I don’t know why I didn’t twig to this before . . .
A fictional crime show on TV last night dealt with a man who died in a hot tub. One of the investigators mentioned in passing that there is often fecal matter in hot tubs, and it can make people very sick.
I wasn’t really watching the program; I was surfing the Internet while my sweetie watched the show. But that line caught my attention.
So this morning, I have been doing some research and, yes, sure enough, soaking in the hot tub with your friends may not be all that hygienic. According to a May 2014 report on the Huffington Post site, “you can pick up some unappetizing and even dangerous bugs from a hot tub dip, both from the water itself and also from the steamy atmosphere around it.”
The article names “Pseudomonas folliculitis,” an infection that develops into a rash. Then there’s Legionnaire’s disease, which can be fatal.
And the article has this:
“The average bather has about a tenth of a gram of feces in his gluteal fold, which is a nice way of saying butt crack,” (Charles) Gerba says. That means with five people, “you have a tablespoon of poop in the hot tub.” And beyond the gross-out factor, without safe levels of disinfectant, you can run the risk of transmitting diseases, he says.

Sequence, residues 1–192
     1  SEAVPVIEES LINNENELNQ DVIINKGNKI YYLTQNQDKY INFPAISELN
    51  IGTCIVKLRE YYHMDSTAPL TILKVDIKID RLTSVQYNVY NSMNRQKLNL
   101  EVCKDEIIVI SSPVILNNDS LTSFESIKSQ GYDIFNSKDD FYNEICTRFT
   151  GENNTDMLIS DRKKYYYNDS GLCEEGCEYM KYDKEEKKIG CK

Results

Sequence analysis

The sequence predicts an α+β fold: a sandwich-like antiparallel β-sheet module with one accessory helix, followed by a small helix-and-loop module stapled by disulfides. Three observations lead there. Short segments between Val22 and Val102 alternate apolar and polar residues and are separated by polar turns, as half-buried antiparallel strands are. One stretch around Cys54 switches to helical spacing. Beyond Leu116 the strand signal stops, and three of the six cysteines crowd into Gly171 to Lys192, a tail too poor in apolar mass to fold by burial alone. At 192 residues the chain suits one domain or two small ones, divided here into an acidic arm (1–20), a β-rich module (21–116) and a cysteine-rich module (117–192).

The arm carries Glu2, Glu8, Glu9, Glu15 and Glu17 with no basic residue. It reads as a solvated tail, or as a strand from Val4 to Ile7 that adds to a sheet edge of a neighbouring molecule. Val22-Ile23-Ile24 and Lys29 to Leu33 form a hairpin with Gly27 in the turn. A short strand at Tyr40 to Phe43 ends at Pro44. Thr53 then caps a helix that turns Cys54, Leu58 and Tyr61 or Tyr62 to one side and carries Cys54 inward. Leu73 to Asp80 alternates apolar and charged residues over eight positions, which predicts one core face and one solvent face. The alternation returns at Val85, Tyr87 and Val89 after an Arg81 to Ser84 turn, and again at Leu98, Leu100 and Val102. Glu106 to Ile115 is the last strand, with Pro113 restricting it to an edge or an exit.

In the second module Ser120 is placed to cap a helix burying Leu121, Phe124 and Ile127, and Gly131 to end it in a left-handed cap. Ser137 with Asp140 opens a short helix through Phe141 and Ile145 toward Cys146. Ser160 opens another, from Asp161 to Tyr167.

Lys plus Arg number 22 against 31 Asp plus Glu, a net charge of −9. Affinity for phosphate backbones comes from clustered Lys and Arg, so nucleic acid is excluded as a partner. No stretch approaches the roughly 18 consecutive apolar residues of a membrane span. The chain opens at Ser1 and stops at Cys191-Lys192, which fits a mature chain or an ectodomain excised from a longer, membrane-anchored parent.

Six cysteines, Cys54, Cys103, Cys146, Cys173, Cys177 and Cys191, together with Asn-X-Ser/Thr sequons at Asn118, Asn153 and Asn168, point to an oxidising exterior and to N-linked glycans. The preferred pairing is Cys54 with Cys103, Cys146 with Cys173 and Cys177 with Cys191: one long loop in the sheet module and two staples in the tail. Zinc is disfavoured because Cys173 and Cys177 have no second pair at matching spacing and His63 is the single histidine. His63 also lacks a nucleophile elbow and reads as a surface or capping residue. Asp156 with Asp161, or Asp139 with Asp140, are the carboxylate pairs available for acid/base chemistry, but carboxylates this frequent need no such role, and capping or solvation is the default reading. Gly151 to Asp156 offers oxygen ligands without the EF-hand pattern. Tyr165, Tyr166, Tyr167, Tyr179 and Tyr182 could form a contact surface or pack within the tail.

Of course, there might not be any problems if everyone follows the rules: showers before going into the hot tub, and perhaps uses a baby wipe to clean their butts.
But at a social nudism event with, say, 100 people in attendance, you be sure that some fecal matter will get into the hot tub, yes?
The article does offer a solution:
Hlavsa recommends buying a set of test strips at your local pool supply store (they typically cost less than $10 for 50 strips, she says) so you can know if the water is safe before you hop in. “You just dip them into the water before you get in,” she says. “The pads change colors and by the different colors you can judge the different disinfectant.” The CDC recommends a water chemistry that looks like this: chlorine at 2–4 mg/L or parts per million (ppm) or bromine at 4–6 ppm and a pH between 7.2 and 7.8. The hot tub should have smooth tiles, no odor and a temperature that doesn’t exceed 104 degrees F. And always avoid getting the water in your mouth. Check out more hot tub safety tips from the CDC here.
This test should be mandatory at all social nudism pool events — be it in swimming pools and/or hot tubs. No one should be allowed to get into the water until it has been tested by one of the group’s administrators. And organizers may need to put more emphasis on hygiene, and ask everyone to do a butt cleanse with baby wipes before. The wipes can be purchased a Dollar stores in Canada.
As for going it alone, it would be worth your while to buy some test strips if you are using any hot tub and/or swimming pool facilities, whether you are a naturist or not.
Look before you soak . . .